Bible Studies for Life Sunday School Lesson for July 9

Bible Studies for Life Sunday School Lesson for July 9

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By Roy Ciampa, Ph.D. 
Armstrong Chair of Religion, Samford University

Paul and Timothy 

Acts 16:1–5; 2 Timothy 2:1–2, 3:10–12

Personal mentoring is important because there are things we can learn from personal experience with others that we cannot learn simply from reading books. Paul modeled the life-on-life nature of discipleship in his relationship with his spiritual son Timothy.

Mentoring occurs best when a person walks alongside us and sees our example. (Acts 16:1–5)

Paul met Timothy during Paul’s second missionary journey. It seems TImothy and his Jewish mother were some of the spiritual fruit from Paul’s earlier ministry in Lystra and Derbe during his first missionary journey (Acts 14:6–21). Timothy had gained an excellent reputation in his hometown and in nearby Iconium, and Paul saw in him the qualities of a ministry leader. 

From the start, Timothy observed how Paul navigated very challenging ministry situations with great spiritual wisdom. Timothy was the son of a Jewish woman (and Christian believer) and of a Greek father. Since the gospel did not require Gentiles to be circumcised, Timothy could have embraced a Gentile identity and remained uncircumcised. But many of the Gentiles they would reach would already be in the orbit of the Jewish synagogue and respect Jewish traditions. It was not in the interest of the gospel to raise unnecessary suspicions among Jewish friends. Honoring the faith and Jewish heritage of his mother would open more doors to gospel conversations, so Timothy became circumcised and continued to learn from Paul as they ministered side by side. He got to see how Paul acted when he was tired, disappointed, frustrated or insulted, as well as how he acted when he was rested, encouraged, elated or praised, and together they traveled and shared news from the Jerusalem council and helped those churches grow in faith and numbers.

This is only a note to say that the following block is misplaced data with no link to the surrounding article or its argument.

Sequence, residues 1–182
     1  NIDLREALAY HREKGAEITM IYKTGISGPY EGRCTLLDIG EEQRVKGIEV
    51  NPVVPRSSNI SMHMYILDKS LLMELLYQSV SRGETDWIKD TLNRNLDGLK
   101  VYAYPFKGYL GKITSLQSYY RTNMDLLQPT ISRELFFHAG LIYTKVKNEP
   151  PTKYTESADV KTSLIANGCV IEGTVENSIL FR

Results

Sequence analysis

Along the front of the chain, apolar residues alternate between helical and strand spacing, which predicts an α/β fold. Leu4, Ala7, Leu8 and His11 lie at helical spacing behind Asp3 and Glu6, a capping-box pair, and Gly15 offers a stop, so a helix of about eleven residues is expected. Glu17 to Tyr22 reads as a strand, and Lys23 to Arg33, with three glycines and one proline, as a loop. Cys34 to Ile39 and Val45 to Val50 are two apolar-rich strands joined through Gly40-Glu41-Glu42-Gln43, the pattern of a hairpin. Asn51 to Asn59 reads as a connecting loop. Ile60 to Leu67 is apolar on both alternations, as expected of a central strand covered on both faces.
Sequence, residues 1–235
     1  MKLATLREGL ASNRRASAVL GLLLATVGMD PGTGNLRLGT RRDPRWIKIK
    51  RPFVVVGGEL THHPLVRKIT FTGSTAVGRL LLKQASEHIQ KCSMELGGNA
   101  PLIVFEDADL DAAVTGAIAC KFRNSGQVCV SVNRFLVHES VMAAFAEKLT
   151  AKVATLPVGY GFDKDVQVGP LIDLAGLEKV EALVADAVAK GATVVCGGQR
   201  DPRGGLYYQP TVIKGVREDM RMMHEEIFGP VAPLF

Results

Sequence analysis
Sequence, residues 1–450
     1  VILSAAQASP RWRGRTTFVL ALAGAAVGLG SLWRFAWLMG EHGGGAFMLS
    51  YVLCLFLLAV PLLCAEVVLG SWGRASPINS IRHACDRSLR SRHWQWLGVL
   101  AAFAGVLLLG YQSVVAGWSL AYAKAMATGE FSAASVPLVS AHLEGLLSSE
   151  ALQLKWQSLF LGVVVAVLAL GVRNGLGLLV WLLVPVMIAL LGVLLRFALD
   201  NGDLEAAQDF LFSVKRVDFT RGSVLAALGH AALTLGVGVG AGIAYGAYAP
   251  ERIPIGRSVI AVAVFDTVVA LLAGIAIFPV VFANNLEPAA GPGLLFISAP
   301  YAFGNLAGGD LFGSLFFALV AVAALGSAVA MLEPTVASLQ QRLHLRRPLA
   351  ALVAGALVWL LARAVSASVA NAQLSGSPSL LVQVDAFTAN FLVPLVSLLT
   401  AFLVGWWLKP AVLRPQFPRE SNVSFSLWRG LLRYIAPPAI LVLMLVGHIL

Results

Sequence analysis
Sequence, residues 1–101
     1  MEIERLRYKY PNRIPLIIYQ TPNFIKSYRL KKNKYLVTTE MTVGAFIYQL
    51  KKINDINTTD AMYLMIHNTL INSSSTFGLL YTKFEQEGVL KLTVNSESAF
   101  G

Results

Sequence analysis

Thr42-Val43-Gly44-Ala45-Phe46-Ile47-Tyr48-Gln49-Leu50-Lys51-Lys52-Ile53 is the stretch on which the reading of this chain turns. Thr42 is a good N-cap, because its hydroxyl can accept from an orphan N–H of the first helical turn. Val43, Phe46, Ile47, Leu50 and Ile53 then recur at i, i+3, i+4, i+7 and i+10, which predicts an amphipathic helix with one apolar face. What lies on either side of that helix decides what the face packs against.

Encourage those you disciple to also disciple others. (2 Tim. 2:1–2)

Paul exhorted Timothy to be strong in the grace of our Lord Jesus Christ, meaning to lean into the strength that comes from our reliance on Christ and the gift of His presence and strength. A particular way Timothy was to rely on Christ’s grace — and that we are also — was to mentor others just as he had been mentored by Paul. Disciples should understand that time invested in their lives and ministries should earn dividends not only in their lives, but also in the lives of those whose faith would be shaped by them and the time they spend demonstrating how to live as a disciple of Christ.

We often need to be reminded to continue in our walk and growth in Christ. (3:10–12)

Timothy had been a faithful follower of Christ for years when Paul wrote this letter. But Timothy was facing serious challenges in his role as a significant Christian leader just as Paul himself was preparing to be martyred. Timothy still needed encouragement to persevere and continue growing through hard times. Paul reminded him that he himself had faced constant persecutions and sufferings (see 2 Cor. 11:23–29) and that Timothy knew Paul’s “teaching, conduct, purpose, faith, patience, love and endurance, along with the persecutions and sufferings” that he had experienced, and Timothy knew that the Lord had rescued Paul time and again. All godly leaders need to be prepared to endure persecution, as Timothy needed to be reminded, and we and our disciples do as well.